Another method is to use a compass or a pair of dividers to measure the distances between two points. That’s the reason to draw from the same size photocopy. It’s much easier.

All you need is a compass or a pair of dividers, and you can measure the distance between any two points, and mark them on your drawing paper. You can always find the third point by measuring the distance from the first two points and marking where they meet. And on and on you go.

Check this out: How to Scale Up a Drawing in 4 Easy Ways

We all have to start somewhere and that’s why Udemy courses are popular. This class is by Brent Eviston, and he has many more. You can see how many people have taken his classes

The art and science of drawing by Brent Eviston on Udemy

Frequently Asked Questions I’m Often Asked

At What Age Did You Learn to Draw?

I was seven. I know that because my first conscious memory of being complimented for drawing was when I moved to a new school.

I distinctly remember my new classmates gathering around to watch me draw an airplane.

Everyone else drew an aircraft body with one wing stuck vertically on top of the carriage and one stuck vertically below. I, on the other hand, drew a foreshortened wing as a parabola. I’d already discovered some basic ideas about perspective.

From there on my identity was ‘the kid who can draw’.

It’s easy to look back and apply some pseudo-psychology but I’m convinced that having a reputation to live up to, developed my talent.

All kids want to be accepted and to ‘fit in’, and we all cherish praise. That was my way of being liked and admired. What better incentive is there for getting better at anything?

I believe that practice at that early stage of life made all the difference. As my young brain grew so did my talent. I became good because I was constantly drawing and trying to get better.

Did You Inherit Your Ability to Draw or Learn it?

Anecdotally, my father was very good at drawing but if that was true, I never saw any evidence. 

I wasn’t brought up in an arty culture at all. My family was thoroughly working class. My Dad was a bricklayer and my Mum worked in a fish and chip shop! There are no obvious influences or inheritances that I can point to with any conviction. 

I can’t identify any link to nature or nurture. Maybe I’m a genetic throw-up or put another way, a freak of nature.

All I know is I grew up loving animals and I learned to draw them, it’s as simple as that.

Did You Learn To Draw At Art School?

No, I’m self-taught and decided not to go. I’ll never know if it was the right decision or not. It would’ve been good socially, but artistically? I have my doubts.

I meet so many embittered graduates that got nothing out of their education or were steered in a direction they had no wish to go. Formal art instruction was rare then and it’s almost gone now.

Personally, I think there’s more value to be had learning in an evening class and on Youtube than having an art degree.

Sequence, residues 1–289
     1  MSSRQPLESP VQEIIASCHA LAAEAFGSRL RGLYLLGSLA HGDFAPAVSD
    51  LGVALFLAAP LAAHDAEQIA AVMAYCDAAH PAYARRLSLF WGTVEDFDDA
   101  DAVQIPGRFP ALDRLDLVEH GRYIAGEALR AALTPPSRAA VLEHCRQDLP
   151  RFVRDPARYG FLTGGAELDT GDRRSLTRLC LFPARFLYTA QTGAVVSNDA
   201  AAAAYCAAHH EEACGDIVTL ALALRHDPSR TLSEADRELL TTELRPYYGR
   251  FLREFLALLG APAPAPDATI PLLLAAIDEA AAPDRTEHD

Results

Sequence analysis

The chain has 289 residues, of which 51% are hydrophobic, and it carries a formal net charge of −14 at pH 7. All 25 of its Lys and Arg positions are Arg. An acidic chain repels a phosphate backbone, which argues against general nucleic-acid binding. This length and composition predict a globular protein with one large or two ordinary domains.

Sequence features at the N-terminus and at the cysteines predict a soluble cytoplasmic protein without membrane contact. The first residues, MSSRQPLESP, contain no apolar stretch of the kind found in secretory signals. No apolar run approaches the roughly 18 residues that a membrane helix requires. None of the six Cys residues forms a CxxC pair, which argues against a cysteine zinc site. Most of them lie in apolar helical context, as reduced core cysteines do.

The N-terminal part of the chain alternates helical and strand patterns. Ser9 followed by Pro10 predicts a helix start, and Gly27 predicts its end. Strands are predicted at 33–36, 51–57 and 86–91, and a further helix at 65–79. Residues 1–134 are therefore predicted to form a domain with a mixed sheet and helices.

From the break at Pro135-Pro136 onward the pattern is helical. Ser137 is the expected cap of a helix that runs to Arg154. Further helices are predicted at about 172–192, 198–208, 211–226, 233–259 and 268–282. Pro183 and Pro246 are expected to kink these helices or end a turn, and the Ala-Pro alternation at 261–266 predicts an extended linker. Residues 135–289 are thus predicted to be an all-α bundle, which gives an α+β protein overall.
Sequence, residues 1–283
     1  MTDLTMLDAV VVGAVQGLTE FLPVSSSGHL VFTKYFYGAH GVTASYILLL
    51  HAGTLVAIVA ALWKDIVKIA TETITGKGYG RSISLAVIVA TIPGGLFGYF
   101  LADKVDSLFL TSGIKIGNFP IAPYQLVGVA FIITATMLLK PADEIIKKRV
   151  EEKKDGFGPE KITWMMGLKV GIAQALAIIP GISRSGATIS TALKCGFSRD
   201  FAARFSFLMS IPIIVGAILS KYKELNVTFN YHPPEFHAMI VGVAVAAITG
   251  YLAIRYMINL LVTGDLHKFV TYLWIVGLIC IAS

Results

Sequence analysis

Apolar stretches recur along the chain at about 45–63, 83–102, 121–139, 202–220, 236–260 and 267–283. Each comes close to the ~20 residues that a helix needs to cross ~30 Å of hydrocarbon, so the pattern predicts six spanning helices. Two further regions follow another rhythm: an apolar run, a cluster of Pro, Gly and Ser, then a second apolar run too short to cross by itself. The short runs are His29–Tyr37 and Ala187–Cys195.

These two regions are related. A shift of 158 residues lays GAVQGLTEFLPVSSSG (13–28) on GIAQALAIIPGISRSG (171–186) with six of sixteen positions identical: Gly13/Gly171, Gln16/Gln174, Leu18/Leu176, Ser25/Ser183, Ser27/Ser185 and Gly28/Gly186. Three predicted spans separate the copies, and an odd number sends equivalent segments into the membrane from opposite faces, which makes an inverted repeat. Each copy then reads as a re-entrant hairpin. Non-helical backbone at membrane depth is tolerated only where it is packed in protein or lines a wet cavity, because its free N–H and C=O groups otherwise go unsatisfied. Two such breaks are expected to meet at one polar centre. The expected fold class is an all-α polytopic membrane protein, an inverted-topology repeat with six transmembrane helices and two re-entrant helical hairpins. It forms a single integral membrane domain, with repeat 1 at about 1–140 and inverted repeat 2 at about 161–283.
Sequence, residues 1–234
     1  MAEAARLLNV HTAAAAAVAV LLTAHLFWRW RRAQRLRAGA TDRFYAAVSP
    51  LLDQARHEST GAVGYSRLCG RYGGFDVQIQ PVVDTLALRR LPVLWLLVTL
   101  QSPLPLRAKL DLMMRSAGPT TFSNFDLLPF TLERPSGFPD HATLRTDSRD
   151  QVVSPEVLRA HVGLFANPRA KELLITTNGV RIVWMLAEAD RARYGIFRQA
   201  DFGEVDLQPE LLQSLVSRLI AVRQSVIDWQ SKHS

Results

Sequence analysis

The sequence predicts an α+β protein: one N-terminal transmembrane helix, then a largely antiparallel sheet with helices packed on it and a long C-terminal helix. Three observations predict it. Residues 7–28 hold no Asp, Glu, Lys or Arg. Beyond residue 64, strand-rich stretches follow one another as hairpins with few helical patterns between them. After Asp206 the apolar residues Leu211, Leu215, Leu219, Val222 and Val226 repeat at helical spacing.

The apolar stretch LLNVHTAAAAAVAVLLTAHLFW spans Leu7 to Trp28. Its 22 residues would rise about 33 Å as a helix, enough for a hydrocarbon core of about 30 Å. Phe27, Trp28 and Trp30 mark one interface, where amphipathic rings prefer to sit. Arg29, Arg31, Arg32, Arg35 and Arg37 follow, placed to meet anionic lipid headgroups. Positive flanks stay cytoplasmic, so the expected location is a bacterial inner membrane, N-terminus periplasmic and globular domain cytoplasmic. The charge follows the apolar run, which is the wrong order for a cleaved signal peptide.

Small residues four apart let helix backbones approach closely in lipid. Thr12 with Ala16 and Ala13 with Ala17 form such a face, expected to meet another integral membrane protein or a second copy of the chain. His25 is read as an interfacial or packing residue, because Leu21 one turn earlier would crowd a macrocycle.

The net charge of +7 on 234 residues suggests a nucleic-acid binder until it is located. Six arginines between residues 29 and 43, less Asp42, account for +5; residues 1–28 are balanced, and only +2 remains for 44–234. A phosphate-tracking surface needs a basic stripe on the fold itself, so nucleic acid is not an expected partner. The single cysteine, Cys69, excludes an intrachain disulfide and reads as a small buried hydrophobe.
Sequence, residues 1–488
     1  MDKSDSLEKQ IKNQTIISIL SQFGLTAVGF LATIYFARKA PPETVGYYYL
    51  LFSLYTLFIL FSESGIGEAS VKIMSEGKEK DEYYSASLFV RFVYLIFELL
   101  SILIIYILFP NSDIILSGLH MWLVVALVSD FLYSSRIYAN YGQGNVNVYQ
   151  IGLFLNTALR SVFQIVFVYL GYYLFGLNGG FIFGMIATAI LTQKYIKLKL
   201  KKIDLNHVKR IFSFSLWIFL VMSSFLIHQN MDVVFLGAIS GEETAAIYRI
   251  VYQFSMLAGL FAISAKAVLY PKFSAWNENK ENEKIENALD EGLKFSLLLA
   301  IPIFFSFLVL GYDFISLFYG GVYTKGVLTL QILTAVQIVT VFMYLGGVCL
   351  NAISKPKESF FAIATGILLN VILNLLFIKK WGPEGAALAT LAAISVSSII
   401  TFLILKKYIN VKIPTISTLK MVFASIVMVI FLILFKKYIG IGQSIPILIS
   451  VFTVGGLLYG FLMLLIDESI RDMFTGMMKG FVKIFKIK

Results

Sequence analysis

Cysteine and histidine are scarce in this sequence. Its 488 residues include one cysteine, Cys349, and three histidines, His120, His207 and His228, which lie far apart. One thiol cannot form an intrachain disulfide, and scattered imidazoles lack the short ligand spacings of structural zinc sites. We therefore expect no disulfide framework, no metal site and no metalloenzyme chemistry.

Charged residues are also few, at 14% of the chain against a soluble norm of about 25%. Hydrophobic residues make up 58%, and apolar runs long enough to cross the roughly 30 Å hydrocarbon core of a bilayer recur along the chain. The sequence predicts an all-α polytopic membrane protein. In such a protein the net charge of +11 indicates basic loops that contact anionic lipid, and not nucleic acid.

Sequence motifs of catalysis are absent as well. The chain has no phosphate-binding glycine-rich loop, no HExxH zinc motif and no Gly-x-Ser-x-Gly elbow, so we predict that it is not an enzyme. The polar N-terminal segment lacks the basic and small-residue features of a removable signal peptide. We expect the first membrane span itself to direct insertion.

Think about it. A young 18-year-old borrows a huge amount of money to have their skills rubbished by patronizing art snobs who can teach them how to think pretentiously but can’t teach them how to draw. That’s not my idea of value for money.

This post goes further: Is Art School Worth it? Is it a Waste of Money?

I think it’s important to learn from someone who is better than you and able to demonstrate a technique. I was better than my art teacher by the time I was 15 and he couldn’t teach me by example, he could only critique. That wasn’t good enough for me. 

Wouldn’t it be great to have had a mentor or be apprenticed to a master? It would have cut years off my learning curve.

The Best Way to Learn Drawing: Final Thoughts

Can anyone learn how to draw? Yes. The theory is easy. Can anyone learn to draw well? No. Just as everyone can play a sport, only a few are really good at it. You can progress and get become a better artist. Your aim is to maximize your potential and enjoy the process

Creating a good drawing is not an impossible task, it’s relatively easy after a while, but excellence is very hard work. Your temperament will play a part.

There is more to drawing than tuition. There are other limiting factors at play. You might be able to draw but have you got the personality to pursue it? Will you take the time and have you got the patience?

It’s a cliche but I have to finish this post by pointing it out again. If you want to make great drawings and develop a unique personal style…

Nothing beats practice.


lioness and cub pencil drawing by wildlife artists Kevin Hayler
‘Pride and Joy’ by Kevin Hayler

If you like the way I draw and want to try things for yourself, this is my basic kit:

If you want an alternative to Amazon, check out ARTEZA art supplies or BLICK


Wanna take your drawings to the next level and sell them? Read this guide and discover how to do it, step-by-step.

Selling art made simple digital guide for starting a small art business

If You Want to Sell Your Art

Check this out!l

Psst…it’s only $12.99!


These posts may also interest you too:


Plus find an ONLINE COURSE that suits you.


Keep in Touch

* indicates required

PIN IT AND SAVE IT

How Do You Learn To Draw? 5 Tips To Get You Started